How Would You Respond to a ‘No Black Nurses’ Request?
My mother was barely 15 years old when she began her first real job
working the ticket window of a theater in downtown Kansas City, MO. One day, a group of soldiers came to the
window and requested four adult tickets to see the latest hit movie. Newly trained and eager to please, mom did
what she was told to do and passed four tickets through the window. Three of
the tickets were red and one was green, on the back of which the word “COLORED”
was printed in capital letters. The
black soldier among them would only be allowed to sit in the balcony. Disgusted,
the foursome asked for their money back and walked away. The year was 1951.
I would think of this story often over the years, especially when I would
come across the faded silhouettes of signs around town that once boldly
proclaimed the hardcore segregation in my city’s past. “White’s Only” could still be made out above a
drinking fountain in Swope Park, I remember. And as late as the mid-1990’s “Colored
Entrance” still revealed this ugly history above the back doors of a number of well-known restaurants and hotels.
Most times, seeing the remnants of institutionalized racism would send chills
up my spine. Other times, I passed under
them without giving their historical context much if any thought, I’m ashamed
to say. My city was still loudly segregated but it had grown quite, revealing
itself only in subtle ways now. So when I learned recently that an infant’s parent had actually requested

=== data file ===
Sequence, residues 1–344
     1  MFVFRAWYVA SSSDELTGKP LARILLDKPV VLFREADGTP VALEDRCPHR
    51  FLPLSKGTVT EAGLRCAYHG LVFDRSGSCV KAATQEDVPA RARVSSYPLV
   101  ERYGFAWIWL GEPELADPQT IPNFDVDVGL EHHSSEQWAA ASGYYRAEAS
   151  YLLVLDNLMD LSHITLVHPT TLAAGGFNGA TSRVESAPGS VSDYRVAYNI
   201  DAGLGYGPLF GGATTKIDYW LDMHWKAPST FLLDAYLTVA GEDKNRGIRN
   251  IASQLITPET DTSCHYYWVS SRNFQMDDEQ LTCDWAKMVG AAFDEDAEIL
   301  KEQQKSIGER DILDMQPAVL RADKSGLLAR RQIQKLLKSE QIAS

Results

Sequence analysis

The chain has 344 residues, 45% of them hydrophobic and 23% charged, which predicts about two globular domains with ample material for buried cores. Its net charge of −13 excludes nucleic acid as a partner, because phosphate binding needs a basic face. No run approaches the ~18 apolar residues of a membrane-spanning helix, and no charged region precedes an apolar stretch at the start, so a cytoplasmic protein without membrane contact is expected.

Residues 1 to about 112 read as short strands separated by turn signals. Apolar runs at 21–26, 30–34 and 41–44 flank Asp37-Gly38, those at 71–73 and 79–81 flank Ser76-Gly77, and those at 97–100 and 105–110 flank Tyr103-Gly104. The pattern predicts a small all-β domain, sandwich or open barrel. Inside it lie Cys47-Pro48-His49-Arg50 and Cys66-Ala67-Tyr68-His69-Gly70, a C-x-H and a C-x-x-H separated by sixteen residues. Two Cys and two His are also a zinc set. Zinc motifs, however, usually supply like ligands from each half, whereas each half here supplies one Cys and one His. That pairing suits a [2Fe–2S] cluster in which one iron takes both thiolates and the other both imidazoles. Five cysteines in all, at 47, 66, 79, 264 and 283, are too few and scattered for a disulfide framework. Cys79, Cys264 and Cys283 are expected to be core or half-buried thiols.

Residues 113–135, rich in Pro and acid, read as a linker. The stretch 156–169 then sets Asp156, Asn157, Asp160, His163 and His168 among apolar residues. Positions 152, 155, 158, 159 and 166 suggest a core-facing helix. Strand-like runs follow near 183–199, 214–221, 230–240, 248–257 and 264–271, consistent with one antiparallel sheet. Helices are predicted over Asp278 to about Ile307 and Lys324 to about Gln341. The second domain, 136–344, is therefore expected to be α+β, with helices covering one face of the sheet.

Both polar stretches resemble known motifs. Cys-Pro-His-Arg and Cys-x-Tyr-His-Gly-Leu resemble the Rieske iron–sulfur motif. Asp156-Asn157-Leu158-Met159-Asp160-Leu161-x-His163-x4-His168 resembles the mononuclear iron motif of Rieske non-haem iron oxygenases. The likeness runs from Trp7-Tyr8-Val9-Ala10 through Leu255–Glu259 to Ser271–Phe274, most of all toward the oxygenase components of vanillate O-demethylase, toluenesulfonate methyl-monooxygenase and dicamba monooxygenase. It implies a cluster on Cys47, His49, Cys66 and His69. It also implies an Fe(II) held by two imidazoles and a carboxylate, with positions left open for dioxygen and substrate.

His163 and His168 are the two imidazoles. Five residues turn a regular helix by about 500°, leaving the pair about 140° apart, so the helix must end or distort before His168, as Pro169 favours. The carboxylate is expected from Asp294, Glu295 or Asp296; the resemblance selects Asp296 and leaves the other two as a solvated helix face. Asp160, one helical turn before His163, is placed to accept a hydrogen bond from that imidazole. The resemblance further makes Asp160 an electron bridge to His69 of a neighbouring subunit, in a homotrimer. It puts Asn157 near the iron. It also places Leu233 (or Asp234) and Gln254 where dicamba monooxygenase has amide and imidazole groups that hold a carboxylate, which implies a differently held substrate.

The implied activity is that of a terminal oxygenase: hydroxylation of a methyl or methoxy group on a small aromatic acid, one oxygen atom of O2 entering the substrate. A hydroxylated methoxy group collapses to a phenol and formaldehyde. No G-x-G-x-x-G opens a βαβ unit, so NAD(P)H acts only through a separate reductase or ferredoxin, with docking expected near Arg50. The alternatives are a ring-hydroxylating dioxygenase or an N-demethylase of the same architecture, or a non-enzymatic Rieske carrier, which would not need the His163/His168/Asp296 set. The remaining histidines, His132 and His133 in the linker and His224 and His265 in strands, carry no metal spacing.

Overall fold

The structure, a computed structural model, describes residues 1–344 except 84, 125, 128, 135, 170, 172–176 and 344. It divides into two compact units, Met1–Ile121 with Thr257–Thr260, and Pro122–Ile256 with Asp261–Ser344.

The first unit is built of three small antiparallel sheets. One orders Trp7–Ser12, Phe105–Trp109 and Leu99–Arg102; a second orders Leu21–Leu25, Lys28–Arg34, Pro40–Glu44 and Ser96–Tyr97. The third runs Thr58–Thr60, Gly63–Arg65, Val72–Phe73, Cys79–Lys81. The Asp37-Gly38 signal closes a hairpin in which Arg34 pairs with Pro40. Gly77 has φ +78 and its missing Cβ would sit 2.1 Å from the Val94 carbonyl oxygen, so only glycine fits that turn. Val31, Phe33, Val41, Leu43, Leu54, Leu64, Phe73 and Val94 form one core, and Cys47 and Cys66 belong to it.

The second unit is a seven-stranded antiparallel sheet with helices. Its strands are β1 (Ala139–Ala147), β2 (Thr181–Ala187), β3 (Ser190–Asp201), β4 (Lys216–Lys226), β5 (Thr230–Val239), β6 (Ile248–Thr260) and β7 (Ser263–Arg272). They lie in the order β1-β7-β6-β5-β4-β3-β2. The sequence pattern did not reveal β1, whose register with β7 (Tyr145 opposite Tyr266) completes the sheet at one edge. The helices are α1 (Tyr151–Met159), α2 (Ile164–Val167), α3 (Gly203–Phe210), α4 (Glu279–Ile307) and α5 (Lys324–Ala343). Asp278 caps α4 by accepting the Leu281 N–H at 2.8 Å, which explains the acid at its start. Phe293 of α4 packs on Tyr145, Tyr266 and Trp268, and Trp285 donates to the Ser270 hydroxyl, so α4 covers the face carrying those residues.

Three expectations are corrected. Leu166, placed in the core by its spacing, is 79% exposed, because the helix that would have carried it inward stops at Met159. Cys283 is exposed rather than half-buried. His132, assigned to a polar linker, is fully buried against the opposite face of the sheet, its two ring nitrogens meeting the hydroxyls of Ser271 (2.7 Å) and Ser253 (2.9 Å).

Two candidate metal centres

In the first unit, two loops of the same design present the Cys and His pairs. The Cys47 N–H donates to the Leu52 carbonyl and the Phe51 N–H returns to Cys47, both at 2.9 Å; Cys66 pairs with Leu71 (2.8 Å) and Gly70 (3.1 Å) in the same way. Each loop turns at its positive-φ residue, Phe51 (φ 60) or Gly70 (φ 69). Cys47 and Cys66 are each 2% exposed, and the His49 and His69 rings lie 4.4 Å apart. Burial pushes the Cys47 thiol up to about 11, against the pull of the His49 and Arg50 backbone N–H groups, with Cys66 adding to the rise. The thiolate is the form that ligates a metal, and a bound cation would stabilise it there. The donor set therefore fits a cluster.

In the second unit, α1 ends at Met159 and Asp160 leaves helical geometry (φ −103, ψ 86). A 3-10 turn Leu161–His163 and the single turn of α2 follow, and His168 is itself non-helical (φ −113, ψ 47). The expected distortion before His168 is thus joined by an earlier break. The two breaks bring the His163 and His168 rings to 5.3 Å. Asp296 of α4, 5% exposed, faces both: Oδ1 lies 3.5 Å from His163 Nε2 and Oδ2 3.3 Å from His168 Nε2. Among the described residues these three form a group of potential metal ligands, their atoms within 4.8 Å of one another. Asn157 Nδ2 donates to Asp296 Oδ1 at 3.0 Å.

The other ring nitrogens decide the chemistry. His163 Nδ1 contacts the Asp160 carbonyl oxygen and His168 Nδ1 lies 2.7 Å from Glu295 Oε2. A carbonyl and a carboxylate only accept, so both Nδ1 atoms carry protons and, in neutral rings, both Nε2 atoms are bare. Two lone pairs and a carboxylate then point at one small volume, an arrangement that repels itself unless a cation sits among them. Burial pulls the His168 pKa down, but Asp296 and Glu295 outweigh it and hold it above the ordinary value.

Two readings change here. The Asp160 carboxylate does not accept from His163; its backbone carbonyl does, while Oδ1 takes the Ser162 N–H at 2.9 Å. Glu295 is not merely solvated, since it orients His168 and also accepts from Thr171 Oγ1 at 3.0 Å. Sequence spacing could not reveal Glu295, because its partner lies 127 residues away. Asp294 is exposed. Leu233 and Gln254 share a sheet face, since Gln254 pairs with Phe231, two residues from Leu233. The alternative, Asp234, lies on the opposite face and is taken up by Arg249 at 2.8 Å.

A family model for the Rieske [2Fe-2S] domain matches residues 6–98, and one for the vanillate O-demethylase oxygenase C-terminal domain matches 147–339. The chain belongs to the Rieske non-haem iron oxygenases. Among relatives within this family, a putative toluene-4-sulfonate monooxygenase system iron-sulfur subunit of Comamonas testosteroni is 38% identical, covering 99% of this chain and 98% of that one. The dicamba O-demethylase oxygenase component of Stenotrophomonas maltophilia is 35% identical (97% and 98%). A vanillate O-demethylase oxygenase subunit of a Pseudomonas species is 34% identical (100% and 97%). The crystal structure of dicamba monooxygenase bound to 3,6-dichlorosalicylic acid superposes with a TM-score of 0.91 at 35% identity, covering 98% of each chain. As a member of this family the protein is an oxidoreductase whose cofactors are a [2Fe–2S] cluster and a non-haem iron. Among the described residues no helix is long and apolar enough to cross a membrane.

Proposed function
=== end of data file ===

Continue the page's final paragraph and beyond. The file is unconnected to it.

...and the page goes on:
“no black nurses” touch his baby, I was shocked and dismayed but I can’t honestly
say as I was entirely surprised. However, when I learned that white staff at
the facility actually took steps to fulfill the request, that old familiar chill ran
right up my back.
Being lucky to have access to this blog to express my outrage, I immediately began to
write a scathing opinion on the matter, only to stop myself from posting it—twice.
Who was I to complain, after all, an ordinary average white guy like me? The first draft started out OK, but quickly
became deep and philosophical, when I’m not really either, making it just seem
forced, if you will. The second draft was just plain damning and confrontational.
What to do, I wondered. It was my turn
to blog after all, and I wanted to say something
A few days later, a statement on the “no black nurses”
request arrived in my email box from Deidre Walton, JD, MSN, RN/PHN, President of the National Black
Nurses Association. In it, Walton did not
lash out at the white staff for even considering accommodating such a ludicrous,
racist request in 21st century America, although surely it must have been very tempting.
Instead, she calmly laid out the facts
of the case and then proceeded to explain how the nursing profession has long been a
standard bearer in drafting zero-tolerance policies against all forms of discrimination.
Wish I’d have thought of that, I said to myself more than once while I
read it. And I encourage you to read it too. You’ll find it in its entirety in our National News section: http://nursing.advanceweb.com/News/National-News/NBNA-Weighs-in-on-Discrimination-Lawsuit-Over-No-Black-Nurses-Request.aspx. Then come
back and tell us, if you were presented with “no black nurses” request, what
would you do?